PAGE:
Roy Keane certainly got into some scraps and scrapes during his time in professional football.

Renowned the world over for his fearsome leadership, combative playing style and no-nonsense mantra, the Manchester United legend was probably the last person in the sport that you wanted to get on the wrong side of.

However, that was seemingly where Teddy Sheringham found himself for no less than three and a half years according to the man himself in a book titled: ‘1999: Manchester United, the Treble and All That,’ which is slated for release next week.

Sheringham and Keane at Man Utd

The Times have reported an extract from the book where Sheringham explains the wild story of a bust-up with Keane that took place during their time as United teammates.

The treble winners had also shared the Nottingham Forest dressing room earlier in their careers, but clearly that didn’t stand for much during a 1998 bus journey from a night out with the United squad.

That’s because Sheringham, who also famously fell out with Red Devils strike partner Andy Cole, tells the tale of how his row with Keane started almost entirely out of the blue, but went onto last for years upon years.

Sheringham recalls row

Sheringham’s account goes as follows: “I’m sitting behind the driver, Keany was next to the driver. Steve Bruce is next to me, [Gary] Pallister, Denis [Irwin], a couple of others in there. Bit of banter flying about in the car.


“All of a sudden, Keany said: ‘Why don’t you f*** off back to London in your f***ing red Ferrari and your penthouse?’

“I went: ‘Eh?’; And he says: ‘Yeah, f*** off back to London’.

“I’m like: ‘Are you coming for me, Keany? Why are you coming for me, you Paddy? F***ing what?’

“And he went: ‘f*** off’, and he goes on: ‘f***ing red Ferrari, penthouse…’.

“Then he jumped round, still with his bad leg, got me by the tie, pulled me towards him, grappling with him. Suddenly everyone’s going: ‘what’s going on?’ and pulling us apart.”


No communication for years

Sheringham then went onto explain how Keane didn’t have it out with him the next day in training, but instead opted for the cold shoulder, recounting: “I couldn’t sleep that night thinking: ‘It’s going to go off as soon as I get into training’.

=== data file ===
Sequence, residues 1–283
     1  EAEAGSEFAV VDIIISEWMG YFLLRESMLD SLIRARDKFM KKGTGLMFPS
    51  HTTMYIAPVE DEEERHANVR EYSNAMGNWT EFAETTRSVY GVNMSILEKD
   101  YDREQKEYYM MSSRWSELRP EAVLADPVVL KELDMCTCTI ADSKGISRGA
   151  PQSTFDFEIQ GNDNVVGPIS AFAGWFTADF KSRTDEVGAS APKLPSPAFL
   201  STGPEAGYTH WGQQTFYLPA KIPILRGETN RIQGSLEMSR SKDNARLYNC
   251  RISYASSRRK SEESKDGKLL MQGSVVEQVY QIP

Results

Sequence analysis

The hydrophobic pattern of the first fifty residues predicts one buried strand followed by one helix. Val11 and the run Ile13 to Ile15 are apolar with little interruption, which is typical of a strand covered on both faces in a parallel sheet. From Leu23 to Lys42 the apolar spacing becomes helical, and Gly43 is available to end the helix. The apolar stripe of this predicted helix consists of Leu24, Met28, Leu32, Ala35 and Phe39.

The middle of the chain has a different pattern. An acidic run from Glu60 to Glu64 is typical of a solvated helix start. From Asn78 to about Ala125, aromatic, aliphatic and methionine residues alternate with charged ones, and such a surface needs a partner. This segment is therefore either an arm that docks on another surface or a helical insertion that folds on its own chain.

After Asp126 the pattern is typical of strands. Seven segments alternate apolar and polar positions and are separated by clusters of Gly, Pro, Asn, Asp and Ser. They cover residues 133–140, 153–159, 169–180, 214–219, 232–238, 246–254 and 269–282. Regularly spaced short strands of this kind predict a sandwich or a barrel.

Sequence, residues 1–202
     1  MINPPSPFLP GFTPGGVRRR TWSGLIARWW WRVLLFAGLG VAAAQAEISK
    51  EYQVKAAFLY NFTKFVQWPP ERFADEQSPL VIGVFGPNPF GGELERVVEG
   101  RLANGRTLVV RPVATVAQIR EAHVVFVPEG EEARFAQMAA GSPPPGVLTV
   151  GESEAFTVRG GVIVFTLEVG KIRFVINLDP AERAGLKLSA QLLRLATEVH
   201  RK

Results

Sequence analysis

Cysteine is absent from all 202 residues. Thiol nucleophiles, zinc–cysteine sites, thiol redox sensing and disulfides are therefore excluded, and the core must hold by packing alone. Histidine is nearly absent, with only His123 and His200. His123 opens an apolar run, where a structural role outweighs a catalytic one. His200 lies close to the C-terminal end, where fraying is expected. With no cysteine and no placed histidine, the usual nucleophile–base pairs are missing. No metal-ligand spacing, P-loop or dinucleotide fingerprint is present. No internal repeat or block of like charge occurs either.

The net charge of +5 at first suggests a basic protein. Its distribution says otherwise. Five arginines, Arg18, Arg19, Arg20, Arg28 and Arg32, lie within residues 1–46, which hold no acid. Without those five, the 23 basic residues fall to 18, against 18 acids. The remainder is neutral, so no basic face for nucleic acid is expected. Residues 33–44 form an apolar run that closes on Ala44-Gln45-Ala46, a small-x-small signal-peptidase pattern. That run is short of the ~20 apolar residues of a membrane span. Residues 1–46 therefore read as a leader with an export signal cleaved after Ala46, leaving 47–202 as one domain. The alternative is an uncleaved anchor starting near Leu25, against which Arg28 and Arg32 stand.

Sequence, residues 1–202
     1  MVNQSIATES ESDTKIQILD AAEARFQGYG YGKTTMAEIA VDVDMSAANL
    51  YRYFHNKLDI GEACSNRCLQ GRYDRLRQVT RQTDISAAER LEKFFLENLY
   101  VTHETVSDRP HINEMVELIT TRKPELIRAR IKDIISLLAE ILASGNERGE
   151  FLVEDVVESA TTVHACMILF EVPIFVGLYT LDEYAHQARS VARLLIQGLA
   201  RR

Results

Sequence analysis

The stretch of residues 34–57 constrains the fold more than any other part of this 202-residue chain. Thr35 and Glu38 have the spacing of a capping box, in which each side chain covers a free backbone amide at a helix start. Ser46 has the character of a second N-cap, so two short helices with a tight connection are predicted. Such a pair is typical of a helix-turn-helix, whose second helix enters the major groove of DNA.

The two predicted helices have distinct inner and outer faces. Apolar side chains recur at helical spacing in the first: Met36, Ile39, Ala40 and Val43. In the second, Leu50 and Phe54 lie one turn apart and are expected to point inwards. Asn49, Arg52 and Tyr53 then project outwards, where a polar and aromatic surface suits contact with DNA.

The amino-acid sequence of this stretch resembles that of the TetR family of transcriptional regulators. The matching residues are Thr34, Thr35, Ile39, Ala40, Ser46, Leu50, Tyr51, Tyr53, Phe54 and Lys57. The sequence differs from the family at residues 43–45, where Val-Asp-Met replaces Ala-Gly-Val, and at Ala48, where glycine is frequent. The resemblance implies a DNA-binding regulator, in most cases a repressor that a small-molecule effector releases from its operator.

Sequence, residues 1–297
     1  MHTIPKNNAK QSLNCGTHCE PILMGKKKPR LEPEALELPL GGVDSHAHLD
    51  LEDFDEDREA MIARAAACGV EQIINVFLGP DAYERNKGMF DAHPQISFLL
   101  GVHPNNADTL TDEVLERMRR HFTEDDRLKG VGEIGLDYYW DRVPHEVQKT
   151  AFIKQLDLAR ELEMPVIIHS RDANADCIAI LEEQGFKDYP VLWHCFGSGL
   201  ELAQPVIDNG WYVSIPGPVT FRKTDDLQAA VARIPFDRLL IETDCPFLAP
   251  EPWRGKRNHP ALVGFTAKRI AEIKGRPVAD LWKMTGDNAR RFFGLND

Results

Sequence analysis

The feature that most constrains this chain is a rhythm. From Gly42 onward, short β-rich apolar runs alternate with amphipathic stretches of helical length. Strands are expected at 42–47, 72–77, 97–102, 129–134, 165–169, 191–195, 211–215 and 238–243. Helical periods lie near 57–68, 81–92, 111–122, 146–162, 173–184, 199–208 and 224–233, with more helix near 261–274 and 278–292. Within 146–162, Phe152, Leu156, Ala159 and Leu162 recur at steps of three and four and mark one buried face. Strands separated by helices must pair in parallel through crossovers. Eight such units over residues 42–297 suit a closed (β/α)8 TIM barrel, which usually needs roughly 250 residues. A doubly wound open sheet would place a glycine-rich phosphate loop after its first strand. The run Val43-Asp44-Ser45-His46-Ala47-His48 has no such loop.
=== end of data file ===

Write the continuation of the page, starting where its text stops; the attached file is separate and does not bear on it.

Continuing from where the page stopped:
“I’ve seen Roy in the gym so I know it can go off. So I go in thinking: ‘Get yourself ready’. I actually go in to change thinking: ‘I’m ready for him’.

‘You have your own cubicle so I was either next to Keany, or maybe the one after, and as I walked in, he’s there doing his shoes up.


“I walked in past him and I’m thinking he’s going to get up and boot me in the face. I’m thinking: ‘here we go’. Keany gets up and walks out.

“He didn’t say a word to me. He didn’t say a word to me for the next three-and-a-half years.”

Sheringham really meant that, too, doubling down by adding: “After that, not a word. On the pitch he didn’t say anything to me. Nothing socially for the next four years, not even in the dressing room.”

Goodness me. It really is eye-opening to see Sheringham recounting what was clearly, from his recollection, a largely unprovoked but nevertheless staggering verbal exchange with his own club captain.

What else has been said?

And according to the Daily Mail, Keane wrote of Sheringham in his 2002 autobiography: “Teddy arrived for training on his first day at the club in his red Ferrari, every inch the confident Londoner. The chemistry between us was never right.”

Nevertheless, it clearly didn’t stop United from enjoying roaring success because the four years where the two players overlapped at Old Trafford saw the club win three Premier League titles, one FA Cup and the Champions League.

And it is worth noting that Sheringham has still been very complimentary of Keane the player and just how important he was for United during that golden period despite their difficult personal relationship.


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